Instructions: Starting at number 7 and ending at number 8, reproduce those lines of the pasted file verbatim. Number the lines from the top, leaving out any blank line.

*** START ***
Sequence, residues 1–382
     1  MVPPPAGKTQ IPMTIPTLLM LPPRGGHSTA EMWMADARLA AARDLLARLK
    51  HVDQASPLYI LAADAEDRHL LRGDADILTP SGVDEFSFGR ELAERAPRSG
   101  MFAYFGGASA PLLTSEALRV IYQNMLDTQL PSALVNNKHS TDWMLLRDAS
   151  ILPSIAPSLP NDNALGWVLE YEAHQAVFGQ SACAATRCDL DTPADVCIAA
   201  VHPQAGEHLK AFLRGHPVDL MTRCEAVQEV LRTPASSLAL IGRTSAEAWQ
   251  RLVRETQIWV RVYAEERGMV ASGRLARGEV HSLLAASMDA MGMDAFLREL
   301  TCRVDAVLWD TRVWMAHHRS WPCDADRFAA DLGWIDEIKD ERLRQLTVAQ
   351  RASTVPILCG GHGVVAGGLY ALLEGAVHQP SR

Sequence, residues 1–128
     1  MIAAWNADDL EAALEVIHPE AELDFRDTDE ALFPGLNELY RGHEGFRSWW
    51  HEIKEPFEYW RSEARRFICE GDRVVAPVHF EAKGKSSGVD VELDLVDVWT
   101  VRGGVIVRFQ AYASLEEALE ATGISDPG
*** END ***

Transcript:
   251  RLVRETQIWV RVYAEERGMV ASGRLARGEV HSLLAASMDA MGMDAFLREL
   301  TCRVDAVLWD TRVWMAHHRS WPCDADRFAA DLGWIDEIKD ERLRQLTVAQ